Recently, the Prichard Committee hosted a meeting in Lexington to discuss American Rescue Plan funds for education. We were eager to get our hands dirty and discuss how we can use the lessons learned from the pandemic to rebuild a foundation for education that is stronger and more resilient.
Our most vulnerable children have been academically behind for far too long. Many students don't have access to the high-quality programs that will prepare them for college and work. Now, the hard-won achievements in education improvement since the 1990s are showing signs of decline. Even worse, the online and hybrid school structures have caused academic setbacks in recent years.
The American Rescue Plan offers a unique opportunity to help education recover and lay the foundation for future success. The federal government has allocated $123 billion in federal funding to all 50 states. Kentucky will receive $2.1 million to distribute to its 171 districts as well as the department of education. Fayette County Public School will be receiving more than $101 millions over the next three-years. We want to make sure this funding is properly spent.
The percentage of students with low incomes enrolled in each district has been used to determine how these funds were distributed. Families and other community members should now come to the table to voice their concerns about student needs. As districts plan how they will spend the money, it is important that stakeholders have meaningful input.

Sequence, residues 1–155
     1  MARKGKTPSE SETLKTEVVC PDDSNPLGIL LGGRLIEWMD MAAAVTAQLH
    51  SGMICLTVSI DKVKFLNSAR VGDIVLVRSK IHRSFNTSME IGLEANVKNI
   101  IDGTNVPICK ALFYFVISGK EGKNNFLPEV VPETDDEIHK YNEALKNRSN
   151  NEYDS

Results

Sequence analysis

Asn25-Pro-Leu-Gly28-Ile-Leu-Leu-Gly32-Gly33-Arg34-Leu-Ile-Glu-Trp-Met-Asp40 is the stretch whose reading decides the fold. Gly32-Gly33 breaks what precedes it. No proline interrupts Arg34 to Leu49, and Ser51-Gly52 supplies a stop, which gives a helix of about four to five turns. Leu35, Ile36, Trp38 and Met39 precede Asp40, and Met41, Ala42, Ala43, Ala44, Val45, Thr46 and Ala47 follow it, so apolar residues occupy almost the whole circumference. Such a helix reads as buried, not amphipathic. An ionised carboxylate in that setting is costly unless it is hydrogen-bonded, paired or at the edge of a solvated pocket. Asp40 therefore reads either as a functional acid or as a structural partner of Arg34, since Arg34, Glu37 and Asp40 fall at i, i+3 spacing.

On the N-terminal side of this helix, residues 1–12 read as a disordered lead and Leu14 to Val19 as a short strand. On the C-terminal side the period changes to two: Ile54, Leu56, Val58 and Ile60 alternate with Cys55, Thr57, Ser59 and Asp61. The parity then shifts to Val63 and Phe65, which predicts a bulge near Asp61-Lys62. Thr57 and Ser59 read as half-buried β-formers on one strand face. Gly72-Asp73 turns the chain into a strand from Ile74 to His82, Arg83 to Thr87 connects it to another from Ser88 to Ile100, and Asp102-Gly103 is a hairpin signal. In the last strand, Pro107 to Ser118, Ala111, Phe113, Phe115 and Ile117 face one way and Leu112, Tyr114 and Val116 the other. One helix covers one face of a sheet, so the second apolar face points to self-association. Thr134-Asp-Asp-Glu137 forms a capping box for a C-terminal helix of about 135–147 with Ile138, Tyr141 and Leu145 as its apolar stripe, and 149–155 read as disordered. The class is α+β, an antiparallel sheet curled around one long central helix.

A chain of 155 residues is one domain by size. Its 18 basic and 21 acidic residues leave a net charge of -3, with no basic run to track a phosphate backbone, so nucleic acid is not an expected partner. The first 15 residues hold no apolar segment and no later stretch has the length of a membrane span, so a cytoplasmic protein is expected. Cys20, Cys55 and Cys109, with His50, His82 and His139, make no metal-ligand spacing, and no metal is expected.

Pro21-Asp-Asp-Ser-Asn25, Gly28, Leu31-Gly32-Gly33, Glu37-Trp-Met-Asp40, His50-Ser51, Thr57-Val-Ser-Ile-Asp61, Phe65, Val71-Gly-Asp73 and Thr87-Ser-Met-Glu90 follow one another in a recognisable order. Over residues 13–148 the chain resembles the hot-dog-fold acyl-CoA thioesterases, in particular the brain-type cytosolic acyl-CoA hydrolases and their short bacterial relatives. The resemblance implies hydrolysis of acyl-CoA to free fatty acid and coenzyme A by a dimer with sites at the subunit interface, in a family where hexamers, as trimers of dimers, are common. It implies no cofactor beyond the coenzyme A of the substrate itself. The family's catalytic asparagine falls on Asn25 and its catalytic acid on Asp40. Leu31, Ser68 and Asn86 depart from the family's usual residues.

The American Rescue Plan mandates that schools create education recovery plans. These plans must include funding for tools to measure student learning loss and after-school enrichment programs. Education interventions must address students' learning and social, mental and emotional needs. All interventions must be equitable and address the needs of students who are poor, homeless, learning English or have a disability. The Fayette County School Board must submit its plan to the Kentucky Department of Education no later than July 31.
The Prichard Committee offers resources to community members who want to learn more about how the American Recovery Plan has affected our schools. It also encourages stakeholders to contact the board of education members to discuss their needs and share ideas regarding the use of these funds. These plans must be developed quickly because schools cannot go back to normal.
Wendi Keene is part of the Groundswell Initiative, a Prichard Committees member. Christian Motley is part of the Prichard Committee Board of Directors.